What I started was the discussion that Airbus called it wrong with the A-380 and Boeing called it right with the 787, ...


Copying an A330. That wasn't all too difficult, was it?
Boeing spent a humungous amount of money on a slightly better A330.
If you think that is "getting it right" ...

If you look at this in an objective fashion
Boeing did not have a viable mid market airplane and Airbus did not have a VL²A

Boeing then spent much more money on competing in the PR domain than in real tech.

What you can see today: PR trumps hardware. ... for a while.


Love the rhetoric. lol Yes, the 787 is an A330 copy. Yes, Boeing spent much much more money in the PR domain than in real tech. Yes the mid-market was not nearly as critical as the VLA market. Yawn. It's like a TV that never changes channels.

The fact is that the A380 has sold pretty decently given its size and the 787 has sold pretty decently given its challenges. Can we move on?


That explains it. The 787 is not a A-330 copy. It is a whole new aircraft made primarily out of composites. The A-380 came nowhere near Airbus' projections for sales and, with the exception of one airline, orders are drying up. The 787-9 flies nearly a thousand miles further then the A-330-300 with the A-330 flying fewer passengers on less fuel. Not a copy at all and I suspect you are aware of that.
 
Vladex
Posts: 122
Joined: Sat Oct 26, 2013 2:44 pm

Re: Airbus is examining 'A380-Plus'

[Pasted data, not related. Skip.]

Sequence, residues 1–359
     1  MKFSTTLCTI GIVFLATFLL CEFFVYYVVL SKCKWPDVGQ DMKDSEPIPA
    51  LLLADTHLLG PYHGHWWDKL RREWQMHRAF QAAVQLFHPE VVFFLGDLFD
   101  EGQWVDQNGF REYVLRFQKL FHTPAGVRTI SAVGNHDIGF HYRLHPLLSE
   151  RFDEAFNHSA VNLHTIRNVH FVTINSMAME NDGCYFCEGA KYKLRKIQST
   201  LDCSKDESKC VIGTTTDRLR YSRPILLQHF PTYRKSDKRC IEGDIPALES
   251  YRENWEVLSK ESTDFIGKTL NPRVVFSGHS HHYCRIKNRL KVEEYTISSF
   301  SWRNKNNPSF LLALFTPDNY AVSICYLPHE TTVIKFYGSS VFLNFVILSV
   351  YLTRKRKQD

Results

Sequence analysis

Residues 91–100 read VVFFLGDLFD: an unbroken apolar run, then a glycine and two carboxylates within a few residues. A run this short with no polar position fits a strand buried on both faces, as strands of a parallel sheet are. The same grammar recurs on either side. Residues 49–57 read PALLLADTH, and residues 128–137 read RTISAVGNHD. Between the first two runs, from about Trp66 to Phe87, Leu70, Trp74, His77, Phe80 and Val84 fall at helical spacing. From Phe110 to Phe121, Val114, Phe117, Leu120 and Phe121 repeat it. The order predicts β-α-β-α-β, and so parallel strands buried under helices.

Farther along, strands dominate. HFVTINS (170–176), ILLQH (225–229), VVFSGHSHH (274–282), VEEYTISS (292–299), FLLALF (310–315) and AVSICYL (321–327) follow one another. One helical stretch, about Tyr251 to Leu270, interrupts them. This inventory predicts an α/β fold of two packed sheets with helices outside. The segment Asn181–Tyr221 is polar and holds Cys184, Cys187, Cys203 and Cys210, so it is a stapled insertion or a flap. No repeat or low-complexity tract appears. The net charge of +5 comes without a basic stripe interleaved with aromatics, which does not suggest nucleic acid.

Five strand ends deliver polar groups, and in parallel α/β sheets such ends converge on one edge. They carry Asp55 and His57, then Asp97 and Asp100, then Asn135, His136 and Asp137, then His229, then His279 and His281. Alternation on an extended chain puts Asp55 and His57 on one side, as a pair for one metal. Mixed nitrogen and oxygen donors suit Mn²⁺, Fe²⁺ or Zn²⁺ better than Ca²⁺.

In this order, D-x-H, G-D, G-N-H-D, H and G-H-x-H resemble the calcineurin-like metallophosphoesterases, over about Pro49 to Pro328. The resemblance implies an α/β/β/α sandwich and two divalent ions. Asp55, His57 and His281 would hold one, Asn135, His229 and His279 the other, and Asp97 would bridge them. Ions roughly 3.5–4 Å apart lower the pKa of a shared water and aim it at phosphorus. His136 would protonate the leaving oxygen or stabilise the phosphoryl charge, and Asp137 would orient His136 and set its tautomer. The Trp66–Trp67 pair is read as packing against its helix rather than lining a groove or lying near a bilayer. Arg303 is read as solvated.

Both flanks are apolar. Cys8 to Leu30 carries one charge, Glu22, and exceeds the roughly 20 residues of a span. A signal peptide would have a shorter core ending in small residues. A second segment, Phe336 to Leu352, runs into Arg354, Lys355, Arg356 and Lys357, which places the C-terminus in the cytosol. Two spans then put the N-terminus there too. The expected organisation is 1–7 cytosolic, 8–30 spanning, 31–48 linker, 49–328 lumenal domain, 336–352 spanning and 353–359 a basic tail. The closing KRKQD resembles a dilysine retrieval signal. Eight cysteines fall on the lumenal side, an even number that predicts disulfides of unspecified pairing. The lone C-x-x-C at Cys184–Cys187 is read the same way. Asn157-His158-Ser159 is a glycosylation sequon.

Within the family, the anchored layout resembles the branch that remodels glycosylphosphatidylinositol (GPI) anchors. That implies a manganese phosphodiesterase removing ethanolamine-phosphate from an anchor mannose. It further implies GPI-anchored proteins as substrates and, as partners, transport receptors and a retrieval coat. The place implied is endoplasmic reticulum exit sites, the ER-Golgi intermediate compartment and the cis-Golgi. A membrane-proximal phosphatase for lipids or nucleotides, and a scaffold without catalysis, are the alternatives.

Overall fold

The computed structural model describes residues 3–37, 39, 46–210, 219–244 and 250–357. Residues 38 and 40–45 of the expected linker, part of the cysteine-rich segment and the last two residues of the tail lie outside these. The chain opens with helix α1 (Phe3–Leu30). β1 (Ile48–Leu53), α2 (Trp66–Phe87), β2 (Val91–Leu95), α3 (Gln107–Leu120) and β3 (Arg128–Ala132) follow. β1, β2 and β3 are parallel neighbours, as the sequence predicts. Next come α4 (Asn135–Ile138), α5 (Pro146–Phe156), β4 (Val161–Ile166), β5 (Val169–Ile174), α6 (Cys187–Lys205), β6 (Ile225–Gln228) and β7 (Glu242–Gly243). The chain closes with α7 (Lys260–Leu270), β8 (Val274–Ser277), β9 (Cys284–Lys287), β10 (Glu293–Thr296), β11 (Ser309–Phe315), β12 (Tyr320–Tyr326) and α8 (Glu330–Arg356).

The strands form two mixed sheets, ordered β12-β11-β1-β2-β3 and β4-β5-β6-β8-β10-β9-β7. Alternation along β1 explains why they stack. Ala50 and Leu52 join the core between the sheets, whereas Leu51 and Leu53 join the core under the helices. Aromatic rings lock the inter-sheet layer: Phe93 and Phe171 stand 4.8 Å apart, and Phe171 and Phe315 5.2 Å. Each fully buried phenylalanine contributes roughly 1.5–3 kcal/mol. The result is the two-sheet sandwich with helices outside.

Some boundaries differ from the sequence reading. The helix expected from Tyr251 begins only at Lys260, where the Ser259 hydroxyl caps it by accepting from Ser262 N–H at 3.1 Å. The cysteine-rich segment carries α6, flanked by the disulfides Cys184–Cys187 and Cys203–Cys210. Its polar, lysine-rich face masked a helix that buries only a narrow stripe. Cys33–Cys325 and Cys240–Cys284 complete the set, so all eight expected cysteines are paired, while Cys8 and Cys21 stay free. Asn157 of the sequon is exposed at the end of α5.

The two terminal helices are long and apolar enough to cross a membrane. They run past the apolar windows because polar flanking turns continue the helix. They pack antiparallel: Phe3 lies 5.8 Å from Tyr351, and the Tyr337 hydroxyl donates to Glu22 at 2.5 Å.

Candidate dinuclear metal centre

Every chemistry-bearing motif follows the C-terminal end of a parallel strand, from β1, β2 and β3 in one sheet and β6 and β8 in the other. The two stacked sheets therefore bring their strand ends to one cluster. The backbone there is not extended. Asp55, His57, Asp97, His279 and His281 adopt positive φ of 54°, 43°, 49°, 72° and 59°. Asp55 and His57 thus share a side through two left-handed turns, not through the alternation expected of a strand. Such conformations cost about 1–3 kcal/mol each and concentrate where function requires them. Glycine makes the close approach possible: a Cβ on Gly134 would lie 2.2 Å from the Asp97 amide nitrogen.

Wed Mar 15, 2017 1:37 am

Bricktop wrote:
SomebodyInTLS wrote:
(Note I also don't say that H2H or the A380 "won" - my point is there is no single winner!)

Well the score is overwhelmingly in favor of H2P/P2H vs. H2H. Not even the biggest Airbus fanboy is saying the 787 is dead, or the biggest Boeing fanboy is saying the A350 is dead. But even some Airbus advocates are hinting the A380 is circling the drain. Quads are going the way of the dodo. Big twins are where it's at. Bring on the 777-10 and the A350-1100/2000/8000. THAT is where Airbus should put its money, even if it means telling STC to pound sand.


Do you realize that A380 has two decks or two floors? It's really 2 airplanes in one. You can stretch a twin and turn it around but it's still one less floor and make it look all gangly and unsightly but at some point there is a law of diminishing returns. The only sure disappearing airplane is 747, on the other hand A380 is here to stay for at least 30 more years as per people in Airbus.
 
SCAT15F
Posts: 662
Joined: Fri Feb 09, 2007 8:34 am

Re: Airbus is examining 'A380-Plus'

Wed Mar 15, 2017 2:30 am

BoeingVista wrote:
BobleBrave wrote:

That is a very interesting thought indeed, but I wonder what would be the technical feasability of such a move :

    Trent XWB Dry weight: 7,277 kg